What makes this process different from other trivalent chromates? The color agents have an additional benefit which will be discussed further in this paper.
At lower temperatures, the chromate achieves 24–72 hr of salt spray corrosion protection. At 90–110°F, it can withstand 48–120 hr, and at 115–140°F, 150 hr.
Bath pH also plays an important factor in corrosion protection of the finished conversion coating. The operating pH range is 1.6–2.0, with 1.8 being optimum. Operated at pH of 1.0–1.6, the coating provides less corrosion protection. Users can raise pH by addition of ammonium hydroxide and lower it using the A component of the bath.
This trivalent yellow chromate also offers very good UV resistance relative to some other dyed trivalent chromates, which fade in a matter of days in the sun. The color agent chemistry differs from standard organic dyes, resulting in color-fastness that approaches that of a hexavalent yellow chromate.
Testing was done using a UV fluorescent lamp at wavelength of 300–400 nm for 500 hr. A zinc-plated panel finished using the trivalent chromate was compared with a zinc-plated panel with hexavalent yellow chromate. The results after 500 hr were no fading with either process, meaning that E Chrome Ultra Yellow had performance similar to that of the hexavalent chromate process.
|Table 1: Properties Comparison of Trivalent Chromate Processes|
||Ultra Yellow||Super Yellow|
|Color||Yellow-green iridescence||Yellow iridescence|
|Salt-spray protection, hr||150 (300 if baked)||180–200|
|Thickness, nm at 95%
Zn by weight
|30 sec: 2057||30 sec: 2092|
|60 sec: 3088||60 sec: 2470|
|Number of tanks||One||One|
|Bakeable?||Yes, and increases corrosion resistance||Yes, does not increase corrosion resistance|
|Relative cost||Most Expensive||Least Expensive|
|Wipes Off With Thumb?||No||No|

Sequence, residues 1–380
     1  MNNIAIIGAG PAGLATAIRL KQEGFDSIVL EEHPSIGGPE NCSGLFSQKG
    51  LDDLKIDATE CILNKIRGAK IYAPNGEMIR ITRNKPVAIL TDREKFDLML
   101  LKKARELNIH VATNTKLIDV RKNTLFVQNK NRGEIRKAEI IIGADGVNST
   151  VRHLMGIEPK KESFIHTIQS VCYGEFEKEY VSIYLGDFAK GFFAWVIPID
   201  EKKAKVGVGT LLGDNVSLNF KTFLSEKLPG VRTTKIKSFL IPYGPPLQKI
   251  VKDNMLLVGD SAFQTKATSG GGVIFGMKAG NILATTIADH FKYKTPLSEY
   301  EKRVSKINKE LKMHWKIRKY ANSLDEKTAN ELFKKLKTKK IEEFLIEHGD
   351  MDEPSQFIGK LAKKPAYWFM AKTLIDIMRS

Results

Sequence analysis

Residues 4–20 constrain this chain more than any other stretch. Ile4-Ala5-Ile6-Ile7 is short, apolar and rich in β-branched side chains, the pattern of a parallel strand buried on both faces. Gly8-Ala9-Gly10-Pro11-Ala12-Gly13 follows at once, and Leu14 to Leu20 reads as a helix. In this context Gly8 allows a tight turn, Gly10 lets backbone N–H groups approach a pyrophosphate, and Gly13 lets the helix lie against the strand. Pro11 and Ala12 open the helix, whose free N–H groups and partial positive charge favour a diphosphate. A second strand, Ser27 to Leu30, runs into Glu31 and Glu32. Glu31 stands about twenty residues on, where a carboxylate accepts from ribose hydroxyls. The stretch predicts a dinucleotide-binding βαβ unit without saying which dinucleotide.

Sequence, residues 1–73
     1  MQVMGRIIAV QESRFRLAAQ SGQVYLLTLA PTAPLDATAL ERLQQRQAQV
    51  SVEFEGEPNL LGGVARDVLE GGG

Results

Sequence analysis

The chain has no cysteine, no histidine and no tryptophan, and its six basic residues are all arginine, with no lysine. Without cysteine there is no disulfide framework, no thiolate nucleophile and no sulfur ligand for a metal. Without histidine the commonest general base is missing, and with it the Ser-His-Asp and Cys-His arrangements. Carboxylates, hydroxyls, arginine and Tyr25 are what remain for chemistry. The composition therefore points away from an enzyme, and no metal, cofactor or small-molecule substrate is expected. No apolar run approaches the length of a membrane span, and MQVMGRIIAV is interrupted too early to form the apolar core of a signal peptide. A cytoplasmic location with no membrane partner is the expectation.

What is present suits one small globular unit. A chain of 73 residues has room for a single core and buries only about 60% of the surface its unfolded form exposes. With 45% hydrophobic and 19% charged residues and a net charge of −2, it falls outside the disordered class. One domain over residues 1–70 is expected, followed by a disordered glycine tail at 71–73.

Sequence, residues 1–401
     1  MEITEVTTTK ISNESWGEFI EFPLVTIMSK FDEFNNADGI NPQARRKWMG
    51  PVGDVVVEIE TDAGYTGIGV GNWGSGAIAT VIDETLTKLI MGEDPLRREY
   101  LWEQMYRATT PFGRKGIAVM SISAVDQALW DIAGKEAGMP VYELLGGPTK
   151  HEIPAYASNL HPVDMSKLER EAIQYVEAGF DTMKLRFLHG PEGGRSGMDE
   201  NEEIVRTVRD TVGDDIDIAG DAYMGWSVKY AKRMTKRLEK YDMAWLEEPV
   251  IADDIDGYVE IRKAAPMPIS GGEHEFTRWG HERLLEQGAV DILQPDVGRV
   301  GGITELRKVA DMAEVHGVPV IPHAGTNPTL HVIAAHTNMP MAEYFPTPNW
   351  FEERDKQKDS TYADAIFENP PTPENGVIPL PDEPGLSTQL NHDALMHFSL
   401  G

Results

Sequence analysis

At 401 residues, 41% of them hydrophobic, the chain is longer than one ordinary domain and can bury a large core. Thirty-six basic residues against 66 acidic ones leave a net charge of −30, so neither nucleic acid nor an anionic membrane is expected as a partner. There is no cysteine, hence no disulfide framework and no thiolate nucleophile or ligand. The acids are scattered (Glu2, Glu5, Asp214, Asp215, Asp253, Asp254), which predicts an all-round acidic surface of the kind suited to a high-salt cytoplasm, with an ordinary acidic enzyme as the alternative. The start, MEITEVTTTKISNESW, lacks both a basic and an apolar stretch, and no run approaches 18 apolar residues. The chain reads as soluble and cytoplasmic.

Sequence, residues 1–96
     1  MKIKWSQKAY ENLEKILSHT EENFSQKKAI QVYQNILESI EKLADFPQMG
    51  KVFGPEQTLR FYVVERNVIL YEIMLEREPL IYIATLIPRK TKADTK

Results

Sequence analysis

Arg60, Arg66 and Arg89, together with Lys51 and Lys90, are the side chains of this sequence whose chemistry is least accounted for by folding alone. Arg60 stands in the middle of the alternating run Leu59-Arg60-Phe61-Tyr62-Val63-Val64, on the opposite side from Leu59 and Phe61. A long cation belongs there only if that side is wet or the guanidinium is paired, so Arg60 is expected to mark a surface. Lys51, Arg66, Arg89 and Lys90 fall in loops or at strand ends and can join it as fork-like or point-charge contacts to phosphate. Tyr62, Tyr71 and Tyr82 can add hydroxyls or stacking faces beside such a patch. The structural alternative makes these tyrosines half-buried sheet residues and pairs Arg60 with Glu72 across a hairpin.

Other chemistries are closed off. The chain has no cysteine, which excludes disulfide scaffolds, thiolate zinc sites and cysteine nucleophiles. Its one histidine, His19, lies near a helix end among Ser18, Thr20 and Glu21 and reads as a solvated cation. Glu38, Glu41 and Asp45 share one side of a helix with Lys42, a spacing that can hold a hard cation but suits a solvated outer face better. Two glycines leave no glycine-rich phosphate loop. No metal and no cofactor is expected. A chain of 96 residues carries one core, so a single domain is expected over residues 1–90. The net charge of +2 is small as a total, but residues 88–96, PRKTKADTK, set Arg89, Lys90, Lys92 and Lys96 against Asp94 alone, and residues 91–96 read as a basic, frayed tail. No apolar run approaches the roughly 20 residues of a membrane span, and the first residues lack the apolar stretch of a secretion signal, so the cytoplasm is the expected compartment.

With initial UV resistance testing done, a second test was performed by Q-Lab Corp. (Cleveland, OH) using its Q-Sun test method. This technique gives more “real world” results than a single-wavelength test because it includes visible wavelengths, to which all bright colors are sensitive). The test apparatus, a xenon arc test chamber, complies with the ASTM G 155 test method and covers a spectrum from 295–800 nm.
After 100 hr in the Q-Sun test, both trivalent yellow coatings faded to a blue color. The hexavalent yellow process faded as well but still showed some yellow. Our company is doing more work to develop a trivalent process that can better withstand the Q-Sun test.
Besides a slightly green color cast, E Chrome Ultra Yellow does have other two challenges. The first is cost—approximately 10× more for make-up costs than a hexavalent yellow. The second is that it does not have the self healing characteristics of a hexavalent yellow chromate. But, if you are a rack zinc electroplater who bakes for hydrogen embrittlement, your cost savings will likely negate the added make-up cost of the process.
Attempting to address the high make-up costs, greenish color cast and reduced scratch resistance of the process just described, our company developed another trivalent chromate formulation called E-Chrome Super Yellow. Make-up costs for the process are 30–35% less than the make-up costs of the Ultra Yellow, and some zinc electroplaters like the color better. For barrel plating, Super Yellow wins hands-down, because it produces a trivalent chromate film that offers moderate scratch resistance.
Bath composition is similar to that previously described, consisting of 3% by volume of Component A, 2% by volume of Component B and 95 tap water. Bath pH requires no adjustment, and the bath operates over a temperature range of 80–140°F. Parts are immersed for 30 sec–5 min, with 60 sec being optimal. Processing is identical to the Ultra Yellow process.
In salt-spray testing, parts coated with this second trivalent chromate averaged 180–200 hr to 5% white rust. Baking of coated parts did not affect salt-spray corrosion protection, nor did the color of the film change during baking process.